Register - Marriages
One cannot but be impressed, on examining the marriage records of the Moravian Congregation of Bethlehem, Pennsylvania, by the number of ceremonies In which the principals figured prominently in the development of the church, either as pastors, missionaries, educators, and heads of congregational subdivisions, or, in the performance of the temporal duties requisite to the work in America during the early period of Bethlehem's history.
In the furtherance of the evangelization plan to which virtually every one in these two classes was consecrated, marriage usually played an important part, and constituted a necessary step. This was particularly true in the case of missionaries who went forth to preach the Word in distant lands.
Recourse to the lot, which will be discussed in more detail, figured prominently for many years in determining the mode of procedure in the settlement of questions of moment. It was resorted to in the choice of persons for missionary service, as well as in the selection of life partners. Courtship and romance played little part in the everyday life of the early church settlements. On the other hand, the days that followed the marriage ceremony, which we are wont to speak of as the honeymoon period, were frequently occupied in hazardous journeys, by land and sea, to none too friendly peoples in the mission fields. The diaries of the church disclose many interesting accounts of individual ceremonies solemnized at various times. The procedure in the case of a Moravian marriage held on February 2, 1762 is described by the Rev. A. L. Oerter as follows:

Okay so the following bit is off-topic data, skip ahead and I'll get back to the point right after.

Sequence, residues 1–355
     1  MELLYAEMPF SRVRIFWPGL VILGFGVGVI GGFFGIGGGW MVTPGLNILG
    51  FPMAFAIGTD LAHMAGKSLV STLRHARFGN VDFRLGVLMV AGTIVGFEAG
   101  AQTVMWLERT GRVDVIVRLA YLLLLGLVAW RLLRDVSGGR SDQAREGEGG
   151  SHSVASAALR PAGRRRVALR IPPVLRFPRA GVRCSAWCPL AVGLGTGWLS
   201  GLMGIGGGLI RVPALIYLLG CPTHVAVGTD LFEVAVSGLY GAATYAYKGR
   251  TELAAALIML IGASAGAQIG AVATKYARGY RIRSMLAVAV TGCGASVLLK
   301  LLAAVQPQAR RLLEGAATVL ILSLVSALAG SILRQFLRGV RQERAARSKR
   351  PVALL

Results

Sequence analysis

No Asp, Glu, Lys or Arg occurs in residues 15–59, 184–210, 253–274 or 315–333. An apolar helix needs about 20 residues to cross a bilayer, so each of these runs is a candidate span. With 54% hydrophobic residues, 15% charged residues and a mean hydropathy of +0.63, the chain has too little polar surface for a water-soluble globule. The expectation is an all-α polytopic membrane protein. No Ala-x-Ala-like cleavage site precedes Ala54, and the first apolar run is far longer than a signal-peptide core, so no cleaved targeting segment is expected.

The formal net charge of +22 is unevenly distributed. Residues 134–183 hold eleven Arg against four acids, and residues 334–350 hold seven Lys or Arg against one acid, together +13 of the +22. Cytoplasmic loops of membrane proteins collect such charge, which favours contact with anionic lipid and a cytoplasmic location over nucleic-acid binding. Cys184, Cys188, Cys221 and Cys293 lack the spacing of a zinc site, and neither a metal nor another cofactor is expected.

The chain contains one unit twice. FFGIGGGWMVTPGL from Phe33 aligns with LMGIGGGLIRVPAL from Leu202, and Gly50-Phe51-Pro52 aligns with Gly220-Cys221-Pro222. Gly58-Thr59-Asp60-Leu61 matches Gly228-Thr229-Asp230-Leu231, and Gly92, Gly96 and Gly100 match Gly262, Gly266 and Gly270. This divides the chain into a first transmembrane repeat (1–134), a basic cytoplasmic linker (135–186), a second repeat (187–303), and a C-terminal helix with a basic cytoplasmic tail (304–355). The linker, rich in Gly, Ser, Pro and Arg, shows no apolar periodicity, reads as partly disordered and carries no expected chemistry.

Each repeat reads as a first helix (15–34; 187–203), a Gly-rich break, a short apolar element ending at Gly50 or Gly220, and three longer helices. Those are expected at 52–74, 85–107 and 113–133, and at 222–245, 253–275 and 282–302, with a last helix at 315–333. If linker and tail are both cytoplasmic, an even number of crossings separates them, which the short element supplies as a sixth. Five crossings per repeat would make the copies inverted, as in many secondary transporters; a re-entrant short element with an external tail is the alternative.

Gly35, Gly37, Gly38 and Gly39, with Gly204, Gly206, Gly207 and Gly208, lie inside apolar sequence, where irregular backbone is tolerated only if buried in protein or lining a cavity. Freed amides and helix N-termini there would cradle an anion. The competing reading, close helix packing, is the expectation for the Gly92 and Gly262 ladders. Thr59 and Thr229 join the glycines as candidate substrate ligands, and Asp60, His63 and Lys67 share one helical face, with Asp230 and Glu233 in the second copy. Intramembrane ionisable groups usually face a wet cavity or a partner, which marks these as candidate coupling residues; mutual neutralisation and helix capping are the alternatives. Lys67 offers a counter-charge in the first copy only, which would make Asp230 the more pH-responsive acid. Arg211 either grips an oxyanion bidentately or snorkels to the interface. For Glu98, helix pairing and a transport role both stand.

John Hill Martin gives the following description, attributed to Sister Sally Horsfield, of a wedding in Bethlehem in 1780: (2)
Mention should be made of a custom which prevailed in the matter of dress, alluded to in the foregoing account. In early times there were, of course, many limitations in this respect, and simplicity in colors, style, and quality of material, was the rule in all of the church settlements. The members of the congregation were divided into choirs, and to distinguish the women in their respective groups custom decreed that the ribbon, or bow, with which the cap (Schneppelhaube) was tied under the chin, be of a different color for each choir. Pink was the color worn by the single sisters, but, immediately after the marriage ceremony was concluded, this was changed to blue. In widowhood., the distinctive color was white.
1. "Historical Sketch of Graceham, Frederick County, Maryland".
- Transactions of Moravian Historical Society, Vol. 9.
[Text above is from pages vii-ix of original]